Kids May Suffer Most From Obesity Epidemic
July 20, 2000 -- Obesity is fast becoming an epidemic in the U.S., and perhaps no group is as hard hit as American children.
In children, obesity is loosely defined as a weight that is 20% or more in excess of the expected weight for a given height. Although many parents think their kids will "grow into it", obese kids who remain heavy through adolescence tend to stay that way into adulthood.
The resulting illnesses associated with obesity in adulthood -- diabetes, heart disease, high blood pressure and several cancers -- now claim an estimated half-million American lives per year, costing $100 billion in medical expenses and lost productivity.
"Obese or overweight children are at an increased risk for developing type 2 diabetes and all the consequences of diabetes like kidney failure, congestive heart failure, [high blood pressure], elevated risk of [arthritis] and shortened life span," says Denise Bruner, MD, an obesity specialist on Arlington, Va.
The bottom line is that "there are no virtues to obesity," says Harvey Hecht, MD, director of preventive cardiology and cardiac imaging at the Arizona Heart Institute in Phoenix.
"The heart is a pump," he says. "Envision an engine powering a car. The larger the car, the more stress on the engine. If you are overweight, your heart has to work harder and that puts a strain on the heart.
"Most cholesterol disorders are aggravated by increases in weight and blood pressure increases along with body mass," he says. High blood pressure and high cholesterol are risk factors for heart disease.
In addition, "obese children and adults are less likely to exercise and reap the health benefits of regular exercise," Hecht says. Regular physical activity is associated with enhanced physical and emotional health.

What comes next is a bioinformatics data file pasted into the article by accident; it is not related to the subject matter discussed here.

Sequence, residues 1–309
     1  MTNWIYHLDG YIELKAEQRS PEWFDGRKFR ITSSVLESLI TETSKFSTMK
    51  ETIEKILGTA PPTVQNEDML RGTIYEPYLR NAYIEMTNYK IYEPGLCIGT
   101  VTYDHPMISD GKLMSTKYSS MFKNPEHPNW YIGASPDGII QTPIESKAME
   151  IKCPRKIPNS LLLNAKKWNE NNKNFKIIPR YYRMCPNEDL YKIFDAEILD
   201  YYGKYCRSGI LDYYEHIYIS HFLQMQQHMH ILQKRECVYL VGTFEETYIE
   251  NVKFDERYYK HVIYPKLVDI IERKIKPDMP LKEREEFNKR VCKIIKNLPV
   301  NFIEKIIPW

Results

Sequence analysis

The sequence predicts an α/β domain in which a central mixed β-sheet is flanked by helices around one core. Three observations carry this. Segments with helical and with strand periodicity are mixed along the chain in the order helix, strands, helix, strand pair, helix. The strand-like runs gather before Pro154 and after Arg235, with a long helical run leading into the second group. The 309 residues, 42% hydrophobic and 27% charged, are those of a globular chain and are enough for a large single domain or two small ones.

According to Bruner, there is an epidemic of childhood obesity in America for several reasons. "We are seeing an epidemic because children mimic their parents behavior," she says. Further complicating matters, among parents of a severely obese child, 8% will think the child is actually underweight, according to a study presented at the annual meeting of the Pediatric Academic Societies and the American Academy of Pediatrics.
"In our country, there has been a decrease in the importance of physical activity," Bruner tells WebMD. "Physical education in school is archaic -- an anomaly." Bruner is also president of the Society for Bariatric Physicians, which is a group for obesity specialists.
Additionally, children often sit in front of computers, video games, or the television instead of going outside and playing because often being indoors is safer than being outdoors. Hours spent in front of the television increase a child's risk of becoming obese, according to a study by researchers at Johns Hopkins University School of Medicine in Baltimore.